Their first ever design was made up of an Initiating Host, which would give the Controller information on what device is being used and who by. This information would be transmitted along with a mutual TLS connection. Once this is done, the controller will link up to an issuing CA to confirm the identity of the device and will also link up to an ID provider so that they can verify the user’s identification. After this information has been confirmed, the controller will provide either one or several mutual TLS connections, these connection(s) will link the previously mentioned Initiating Host and any required Accepting Hosts. This system works to significant effect, being able to prevent any strain of network attack including, Man-in-the-Middle, DDoS, and Advanced Persistent Threat.

The Architecture of SDP Version One

The original SDP products for commercial use was implemented using an overlay network for business applications, examples of these are remote access to high-value data, or to protect the cloud system from attacks. The Initiating Host for the SDP took the form of the client and the Accepting Host became the Gateway.

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SDP Client

The SDP Client itself is responsible for a large variety of functions. Two of these include verifying the device being used and the user ID that is being utilized, as well as the routing of whitelisted applications to protected applications that have been authorized.

The SDP Client has a real-time configuration to make sure that the mutual TLS VPN connection is only linked to items that the individual user is authorized to use. This means that the SDP Client serves the function of placing restrictions on access to certain data points based on the user’s level of authority. This is carried out after the user’s ID and device have both been verified.

SDP Gateway

The SDP Gateway serves as the point where the Mutual TLS connection to the SDP Client is terminated. In a topological sense, the Gateway will be implemented to be as close to the protected application as is practical.

The SDP Gateway will receive the IP address and their Certificate, once the identity of the device requesting access has been confirmed and their level of permission has been brought to light.

SDP Controller

The SDP Controller serves the function of a trusted middleman between the backend security features such as the Identity Provider and the Certificate Authority to the SDP Client itself. Once the SDP client has achieved verification and the level of authority for the user has been examined, the SDP controller will then begin to configure the SDP client and the SDP Gateway so that they can establish a real-time connection through a mutual TLS.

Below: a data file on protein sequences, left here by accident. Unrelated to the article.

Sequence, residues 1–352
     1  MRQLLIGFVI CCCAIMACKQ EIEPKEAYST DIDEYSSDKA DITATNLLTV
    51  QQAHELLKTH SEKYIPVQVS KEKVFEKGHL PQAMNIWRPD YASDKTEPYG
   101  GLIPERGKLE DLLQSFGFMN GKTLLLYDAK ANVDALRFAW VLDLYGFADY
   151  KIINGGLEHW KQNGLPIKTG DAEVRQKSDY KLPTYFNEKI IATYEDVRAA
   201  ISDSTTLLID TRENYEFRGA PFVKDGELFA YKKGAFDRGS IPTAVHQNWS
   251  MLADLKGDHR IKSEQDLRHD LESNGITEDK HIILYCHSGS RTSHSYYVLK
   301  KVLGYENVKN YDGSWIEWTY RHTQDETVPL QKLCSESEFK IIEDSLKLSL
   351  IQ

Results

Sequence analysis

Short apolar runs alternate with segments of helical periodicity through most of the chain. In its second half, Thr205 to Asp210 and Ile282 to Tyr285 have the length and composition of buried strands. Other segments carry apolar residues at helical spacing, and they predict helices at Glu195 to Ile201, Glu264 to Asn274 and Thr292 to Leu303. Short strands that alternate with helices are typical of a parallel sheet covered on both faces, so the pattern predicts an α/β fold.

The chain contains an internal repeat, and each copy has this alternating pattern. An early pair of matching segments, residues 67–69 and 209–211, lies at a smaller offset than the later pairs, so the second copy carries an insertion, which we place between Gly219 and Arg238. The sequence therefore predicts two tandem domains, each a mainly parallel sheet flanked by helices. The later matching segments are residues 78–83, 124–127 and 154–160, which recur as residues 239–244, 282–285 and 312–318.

Security Properties of SDP’s Architecture

When you correctly implement all three of these features, the SDP architecture can provide excellent and unique property for your security system. These features are listed below.

(1) Hiding Information
There is no DNS information, nor are there any visible ports within protected application infrastructure. Because of this, assets which are protected by SDP are called “dark” assets because they cannot be discovered, even if you scan for them.

(2) Pre-Authentication
The identity of the device attempting access will always be verified before they are granted a connection. The identity of the device will be confirmed using an MFA token which will either be embedded in the TCP or the mutual TLS architecture.

(3) Pre-Authorization
Users in an SDP system are only given access to servers that they need to access because of their role. The system used to confirm identity will communicate the authorizations of the user to the SDP Controller. This is carried out using a SAML assertion.

(4) Application Layer Access
Even when a user is granted access to the application, this will only be on an application level and not on a network level. The SDP will also whitelist certain applications on the device that the host is using, which helps to keep system communications on an app-to-app level.

(5) Extensibility.
The architecture of SDP is created on the back of various different standards-based parts. These include mutual TSL, SAML, and Security Certificates. Due to being made up of standard-based parts, the SDP architecture can easily be linked and integrated with other types of security system, including data encryption systems and remote attestation systems.

Through the combined use of pre-authentication with pre-authorizations businesses can create networks that are invisible to unidentified hosts, whilst only providing the necessary permissions to known-users, based on their organizational role.

One of the key parts about SDP is that the pre-authentication and pre-authorization need to occur before a TCP connection is granted between the user and the protected application. As well as this, authorized users will only be granted permissions for certain applications to ensure that compromised devices cannot move laterally across the network.